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|Title:||Oral history interview with Hylan Lewis, January 13, 1991|
|Date:||1991 Jan. 13|
Sociologist Hylan Lewis describes his experiences with race in the American South in the period before the civil rights movement gained momentum. Lewis witnessed an energized but still uncertain post-World War II African American community that was beginning to discuss how best to fight for equality. At the same time, white southern politicians were devising new strategies of resistance. This interview offers a broad comment on an important and often overlooked moment in civil rights history.
The Civil Rights Digital Library received support from a National Leadership Grant for Libraries awarded to the University of Georgia by the Institute of Museum and Library Services for the aggregation and enhancement of partner metadata.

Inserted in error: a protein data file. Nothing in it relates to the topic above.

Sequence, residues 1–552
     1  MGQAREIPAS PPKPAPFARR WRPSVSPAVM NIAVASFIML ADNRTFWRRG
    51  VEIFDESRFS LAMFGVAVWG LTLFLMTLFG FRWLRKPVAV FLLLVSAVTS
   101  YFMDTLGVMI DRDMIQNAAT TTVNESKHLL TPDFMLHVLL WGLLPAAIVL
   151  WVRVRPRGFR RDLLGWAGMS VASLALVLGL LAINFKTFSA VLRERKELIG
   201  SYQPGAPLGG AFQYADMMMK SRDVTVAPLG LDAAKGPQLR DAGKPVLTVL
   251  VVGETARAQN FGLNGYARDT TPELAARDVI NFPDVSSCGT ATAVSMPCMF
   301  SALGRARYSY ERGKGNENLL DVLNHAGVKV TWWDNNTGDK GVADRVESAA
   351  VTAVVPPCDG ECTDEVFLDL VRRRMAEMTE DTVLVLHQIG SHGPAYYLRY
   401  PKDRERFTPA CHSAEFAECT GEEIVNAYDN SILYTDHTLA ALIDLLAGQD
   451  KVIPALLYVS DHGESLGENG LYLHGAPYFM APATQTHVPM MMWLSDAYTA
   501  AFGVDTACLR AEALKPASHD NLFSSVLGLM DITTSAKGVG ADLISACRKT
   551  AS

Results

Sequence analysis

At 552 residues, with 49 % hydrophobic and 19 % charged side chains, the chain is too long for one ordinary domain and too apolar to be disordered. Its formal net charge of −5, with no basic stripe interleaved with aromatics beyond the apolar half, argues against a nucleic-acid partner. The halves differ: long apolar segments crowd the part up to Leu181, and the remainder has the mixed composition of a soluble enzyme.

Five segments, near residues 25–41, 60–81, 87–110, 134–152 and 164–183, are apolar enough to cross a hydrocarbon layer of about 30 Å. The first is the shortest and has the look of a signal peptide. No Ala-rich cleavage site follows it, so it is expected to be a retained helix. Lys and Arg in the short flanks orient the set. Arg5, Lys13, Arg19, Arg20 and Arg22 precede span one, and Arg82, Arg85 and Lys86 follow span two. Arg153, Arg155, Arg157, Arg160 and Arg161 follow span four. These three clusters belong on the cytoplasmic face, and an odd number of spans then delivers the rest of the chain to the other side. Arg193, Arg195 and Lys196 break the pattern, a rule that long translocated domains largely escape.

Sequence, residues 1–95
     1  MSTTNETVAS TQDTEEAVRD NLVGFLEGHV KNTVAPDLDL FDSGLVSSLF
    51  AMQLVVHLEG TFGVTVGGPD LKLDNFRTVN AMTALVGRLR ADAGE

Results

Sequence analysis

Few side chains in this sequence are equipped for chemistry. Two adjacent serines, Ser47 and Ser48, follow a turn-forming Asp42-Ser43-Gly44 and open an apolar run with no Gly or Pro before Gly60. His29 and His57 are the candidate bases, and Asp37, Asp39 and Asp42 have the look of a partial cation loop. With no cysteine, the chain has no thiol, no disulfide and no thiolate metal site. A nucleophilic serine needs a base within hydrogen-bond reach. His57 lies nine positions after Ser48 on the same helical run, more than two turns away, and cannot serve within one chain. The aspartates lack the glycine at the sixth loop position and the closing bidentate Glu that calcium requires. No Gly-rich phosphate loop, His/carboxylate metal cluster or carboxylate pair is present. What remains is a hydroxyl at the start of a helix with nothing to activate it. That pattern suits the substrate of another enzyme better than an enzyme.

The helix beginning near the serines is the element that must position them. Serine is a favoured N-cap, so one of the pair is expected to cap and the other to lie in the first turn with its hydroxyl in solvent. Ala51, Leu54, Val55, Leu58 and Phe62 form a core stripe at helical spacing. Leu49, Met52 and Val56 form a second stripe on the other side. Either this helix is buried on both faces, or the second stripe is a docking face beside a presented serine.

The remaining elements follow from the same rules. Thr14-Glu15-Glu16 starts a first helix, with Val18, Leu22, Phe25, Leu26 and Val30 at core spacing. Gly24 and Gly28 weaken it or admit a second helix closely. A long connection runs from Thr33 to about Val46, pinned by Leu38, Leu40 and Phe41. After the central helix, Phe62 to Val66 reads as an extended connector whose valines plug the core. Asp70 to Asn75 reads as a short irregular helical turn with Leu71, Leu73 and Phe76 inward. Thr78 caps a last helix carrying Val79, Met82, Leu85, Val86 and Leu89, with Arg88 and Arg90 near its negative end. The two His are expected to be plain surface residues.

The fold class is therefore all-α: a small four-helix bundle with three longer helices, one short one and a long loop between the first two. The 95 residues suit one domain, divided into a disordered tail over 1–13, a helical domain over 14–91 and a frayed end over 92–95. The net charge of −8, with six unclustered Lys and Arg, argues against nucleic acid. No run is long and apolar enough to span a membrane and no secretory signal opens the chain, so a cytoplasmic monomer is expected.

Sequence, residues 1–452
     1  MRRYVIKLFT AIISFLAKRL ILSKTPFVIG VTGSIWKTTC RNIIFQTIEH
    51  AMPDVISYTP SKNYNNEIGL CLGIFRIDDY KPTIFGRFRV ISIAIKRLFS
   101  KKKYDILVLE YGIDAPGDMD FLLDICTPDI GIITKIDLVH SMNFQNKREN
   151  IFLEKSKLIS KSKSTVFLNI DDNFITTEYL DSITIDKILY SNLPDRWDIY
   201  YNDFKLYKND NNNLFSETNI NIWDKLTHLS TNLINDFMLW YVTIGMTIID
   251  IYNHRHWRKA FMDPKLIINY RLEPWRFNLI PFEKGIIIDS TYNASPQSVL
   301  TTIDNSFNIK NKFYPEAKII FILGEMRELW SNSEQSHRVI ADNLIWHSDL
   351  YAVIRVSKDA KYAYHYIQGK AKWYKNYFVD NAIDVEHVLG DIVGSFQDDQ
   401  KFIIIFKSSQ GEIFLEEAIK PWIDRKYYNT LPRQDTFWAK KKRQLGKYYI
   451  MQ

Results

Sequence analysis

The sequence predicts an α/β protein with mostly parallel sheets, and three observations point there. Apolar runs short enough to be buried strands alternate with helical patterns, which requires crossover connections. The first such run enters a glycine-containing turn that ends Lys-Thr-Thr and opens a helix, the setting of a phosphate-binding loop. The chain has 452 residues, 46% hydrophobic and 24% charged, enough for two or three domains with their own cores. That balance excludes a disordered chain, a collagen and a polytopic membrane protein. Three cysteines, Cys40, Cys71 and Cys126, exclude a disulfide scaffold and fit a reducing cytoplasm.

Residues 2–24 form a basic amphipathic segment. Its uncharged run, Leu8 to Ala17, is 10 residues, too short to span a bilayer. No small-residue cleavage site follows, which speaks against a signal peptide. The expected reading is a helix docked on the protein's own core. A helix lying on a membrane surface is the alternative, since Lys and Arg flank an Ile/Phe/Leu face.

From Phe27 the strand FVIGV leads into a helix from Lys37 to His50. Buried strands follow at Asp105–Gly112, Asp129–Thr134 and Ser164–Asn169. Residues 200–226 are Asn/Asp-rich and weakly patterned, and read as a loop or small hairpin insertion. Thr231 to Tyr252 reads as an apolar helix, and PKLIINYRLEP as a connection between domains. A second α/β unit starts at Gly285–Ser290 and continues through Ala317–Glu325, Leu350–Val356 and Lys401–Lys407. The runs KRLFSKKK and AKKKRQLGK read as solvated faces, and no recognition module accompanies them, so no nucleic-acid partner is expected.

|Types:||Transcripts | Sound recordings | Oral histories|
|Subjects:||Lewis, Hylan | Southern States--Race relations | African Americans--Civil rights--North Carolina | African American sociologists | African Americans--Attitudes | African American universities and colleges | United States, North Carolina, 35.759573, -79.0193|
|Collection:||Oral Histories of the American South: The Civil Rights Movement|
|Institution:||Documenting the American South (University of North Carolina at Chapel Hill)|
|Contributors:||Southern Oral History Program | University of North Carolina at Chapel Hill. Documenting the American South (Project) | University of North Carolina at Chapel Hill. Library | Oral histories of the American South (University of North Carolina at Chapel Hill. Documenting the American South (Project))|
Forms part of Oral histories of the American South collection.
|Persistent Link to Item:||http://docsouth.unc.edu/sohp/A-0361/menu.html|